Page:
I was thinking for a long time to write about this issue. This article by testerzy.pl (sorry, only in Polish) inspired me to finish it and publish.
The thing is that I find it really hard to talk about my job with non-IT people like family or friends. If I would introduce my job like “I’m a programmer” I would hear “Oh, ah, nice!” and in their minds, they probably see a lot of money since this is what IT field is famous for.
But I’m not a programmer. I’m a tester. And when I say “I’m a tester” I mostly see nodding and lack of understanding. In Poland, those not familiar with the IT world see tester as either the perfume sample or person trying the product like wine/clothing/toys. There are even fidelity testers! So it is more reasonable to use “Software Tester” as a job description. And then they see me more like the person receiving the fully developed product (like the game already in the box), just a few days before the rest of the world to check if everything is fine.
Moreover, my job description is “Quality Engineer”. When I say that I usually receive the reaction like “What?”. So if I have time I need to go into explanatory what I do in my job. And there the fun begins!
What do we do
When I think about what I do at work the first things that come to my mind is what I do physically. Something like “I click through the application” or “I read the documentation and compare it with the application”. And right after I say it I know it was not the right answer. It is too shallow. It doesn’t describe what I actually do. There are some days that I even do not open my application, and still, I consider those days productive.
So to find out what I really do I took the unusual approach. I decided to think why employees would pay me, as a tester, a lot. This is not a brag blog post, this is just listing my tasks, roles and responsibilities to figure out what the hell am I doing as a tester. Give it a try as well!
In order to do my job, I gather the knowledge about every application I am supposed to test. Sometimes I create a mind palace almost like a Sherlock Holmes! Therefore I know how our application works or at least where to find this knowledge. To do my job even better I need to at least try to understand business needs. This makes my job very close to Business Analyst work.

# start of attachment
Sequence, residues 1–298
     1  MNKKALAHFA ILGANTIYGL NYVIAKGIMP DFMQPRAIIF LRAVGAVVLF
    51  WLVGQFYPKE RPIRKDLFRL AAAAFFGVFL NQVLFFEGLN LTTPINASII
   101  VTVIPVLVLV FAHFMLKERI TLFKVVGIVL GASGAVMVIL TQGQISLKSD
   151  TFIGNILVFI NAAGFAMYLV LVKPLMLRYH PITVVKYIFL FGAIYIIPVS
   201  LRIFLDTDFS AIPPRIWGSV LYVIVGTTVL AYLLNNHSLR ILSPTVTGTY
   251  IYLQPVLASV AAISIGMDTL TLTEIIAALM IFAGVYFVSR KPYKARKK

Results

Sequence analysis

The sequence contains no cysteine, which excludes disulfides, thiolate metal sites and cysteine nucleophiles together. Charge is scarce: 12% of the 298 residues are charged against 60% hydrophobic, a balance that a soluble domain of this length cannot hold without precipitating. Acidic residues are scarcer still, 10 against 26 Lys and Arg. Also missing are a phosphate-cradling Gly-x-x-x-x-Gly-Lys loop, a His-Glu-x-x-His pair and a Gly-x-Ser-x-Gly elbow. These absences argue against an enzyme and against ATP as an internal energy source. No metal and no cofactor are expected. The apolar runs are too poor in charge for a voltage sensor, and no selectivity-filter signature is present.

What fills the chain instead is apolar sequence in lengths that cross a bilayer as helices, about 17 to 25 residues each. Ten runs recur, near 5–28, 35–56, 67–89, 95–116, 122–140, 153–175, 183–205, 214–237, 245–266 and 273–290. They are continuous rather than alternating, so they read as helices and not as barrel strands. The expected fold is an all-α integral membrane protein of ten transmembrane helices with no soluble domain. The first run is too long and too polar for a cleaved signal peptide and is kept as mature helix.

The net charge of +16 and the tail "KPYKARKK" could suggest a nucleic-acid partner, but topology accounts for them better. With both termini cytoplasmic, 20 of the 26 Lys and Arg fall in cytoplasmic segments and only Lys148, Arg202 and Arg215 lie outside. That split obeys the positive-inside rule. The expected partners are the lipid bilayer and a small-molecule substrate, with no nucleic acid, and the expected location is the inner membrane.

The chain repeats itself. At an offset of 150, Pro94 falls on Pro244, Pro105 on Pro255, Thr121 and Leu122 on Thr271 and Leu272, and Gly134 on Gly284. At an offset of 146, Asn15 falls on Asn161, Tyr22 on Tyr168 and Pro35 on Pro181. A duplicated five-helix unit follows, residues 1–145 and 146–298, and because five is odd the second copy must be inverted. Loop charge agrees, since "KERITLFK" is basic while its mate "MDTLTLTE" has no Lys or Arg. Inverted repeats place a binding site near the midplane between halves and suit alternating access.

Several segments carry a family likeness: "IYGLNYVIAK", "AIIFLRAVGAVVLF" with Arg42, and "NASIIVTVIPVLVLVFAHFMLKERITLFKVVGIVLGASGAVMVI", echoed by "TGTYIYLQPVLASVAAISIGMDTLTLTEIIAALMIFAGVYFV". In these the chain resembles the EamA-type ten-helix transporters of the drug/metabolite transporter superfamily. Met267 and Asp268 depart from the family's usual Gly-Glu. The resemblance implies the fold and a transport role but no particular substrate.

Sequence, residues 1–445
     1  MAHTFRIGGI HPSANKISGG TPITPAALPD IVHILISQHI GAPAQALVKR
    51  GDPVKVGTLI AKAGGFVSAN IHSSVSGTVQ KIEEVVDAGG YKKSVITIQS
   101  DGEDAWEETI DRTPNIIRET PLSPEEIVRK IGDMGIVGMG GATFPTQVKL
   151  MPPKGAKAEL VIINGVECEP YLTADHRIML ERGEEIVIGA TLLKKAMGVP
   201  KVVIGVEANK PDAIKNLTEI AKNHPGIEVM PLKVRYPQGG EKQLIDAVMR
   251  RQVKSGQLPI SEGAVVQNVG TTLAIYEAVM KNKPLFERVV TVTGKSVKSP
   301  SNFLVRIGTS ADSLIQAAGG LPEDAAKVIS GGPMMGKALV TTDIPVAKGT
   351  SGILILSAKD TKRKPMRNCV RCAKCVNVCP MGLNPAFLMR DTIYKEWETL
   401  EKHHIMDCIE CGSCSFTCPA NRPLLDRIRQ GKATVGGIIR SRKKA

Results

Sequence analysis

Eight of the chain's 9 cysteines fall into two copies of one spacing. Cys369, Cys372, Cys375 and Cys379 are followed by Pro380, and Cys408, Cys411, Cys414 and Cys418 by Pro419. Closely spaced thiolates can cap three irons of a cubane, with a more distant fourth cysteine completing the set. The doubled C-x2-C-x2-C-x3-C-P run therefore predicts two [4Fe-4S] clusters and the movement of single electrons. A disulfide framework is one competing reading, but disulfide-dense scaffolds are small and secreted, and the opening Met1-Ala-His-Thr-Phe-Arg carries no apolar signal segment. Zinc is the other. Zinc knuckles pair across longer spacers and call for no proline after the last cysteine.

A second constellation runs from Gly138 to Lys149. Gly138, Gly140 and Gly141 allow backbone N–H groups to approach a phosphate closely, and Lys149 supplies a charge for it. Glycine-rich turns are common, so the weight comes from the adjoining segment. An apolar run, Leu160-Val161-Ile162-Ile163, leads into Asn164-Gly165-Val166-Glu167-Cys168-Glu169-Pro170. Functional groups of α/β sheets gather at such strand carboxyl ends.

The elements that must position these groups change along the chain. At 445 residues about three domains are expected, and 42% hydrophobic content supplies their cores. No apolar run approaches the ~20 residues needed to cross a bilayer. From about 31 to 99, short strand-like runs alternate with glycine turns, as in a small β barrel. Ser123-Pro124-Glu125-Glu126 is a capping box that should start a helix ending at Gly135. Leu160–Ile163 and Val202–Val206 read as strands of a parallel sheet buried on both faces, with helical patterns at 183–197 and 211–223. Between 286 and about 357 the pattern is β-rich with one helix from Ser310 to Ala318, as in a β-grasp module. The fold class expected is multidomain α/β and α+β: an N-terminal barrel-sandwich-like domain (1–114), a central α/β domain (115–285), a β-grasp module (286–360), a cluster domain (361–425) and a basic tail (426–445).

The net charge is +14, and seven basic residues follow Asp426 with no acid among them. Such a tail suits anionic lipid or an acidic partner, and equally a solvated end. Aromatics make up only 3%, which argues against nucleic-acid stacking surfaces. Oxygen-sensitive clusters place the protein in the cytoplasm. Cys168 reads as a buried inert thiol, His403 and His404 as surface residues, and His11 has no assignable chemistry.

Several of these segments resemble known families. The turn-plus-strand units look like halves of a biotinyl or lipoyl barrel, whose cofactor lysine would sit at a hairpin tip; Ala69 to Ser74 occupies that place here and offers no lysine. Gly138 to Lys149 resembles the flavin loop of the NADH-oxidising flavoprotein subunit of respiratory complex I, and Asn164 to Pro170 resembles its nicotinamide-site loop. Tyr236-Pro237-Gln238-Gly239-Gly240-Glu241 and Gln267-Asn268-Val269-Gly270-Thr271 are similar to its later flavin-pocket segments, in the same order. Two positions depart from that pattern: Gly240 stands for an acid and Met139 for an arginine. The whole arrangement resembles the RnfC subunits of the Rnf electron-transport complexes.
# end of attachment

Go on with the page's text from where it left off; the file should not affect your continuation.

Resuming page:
My work requires creativity. Based on my knowledge of relations between modules and past experiences I can figure out the potential places of failure and identify potential risks. With only the description of the change required by business, I can tell You what should be checked after this change.
Often I translate business requirements into technical solution with support of developers. This communication isn’t only one-way street, translation works both ways. So sometimes I write reports and documentation that can be understood by business.
I can work under high pressure of time and responsibility. I have no problem with switching between multiple tasks and still keep high focus.
I think that in order to change the perception of tester job we need to change our own perception and how we talk about our job with others. Remember that often the person paying for our work (our client) is a non-IT person. So who knows – maybe during a small talk at the airport with some stranger, You will change the perception of another potential client.
And back to the main issue. When I explain what I do at work I void saying >how< I do stuff. I try to say >what< I do and what is my value. In short – knowledge of product, creative work, communication between business and development and toughness – all this in service of assuring the good quality of the product. Sometimes I even add that I work closely with the client and my performance is a “business card” of my company. I like to underline that I am the connection point between business and development, so I need to work on both my technical and social skills.
And how would You describe Your job as a tester? Do You feel how important is Your role as a tester? Do You explain the importance of tester role to non-IT people?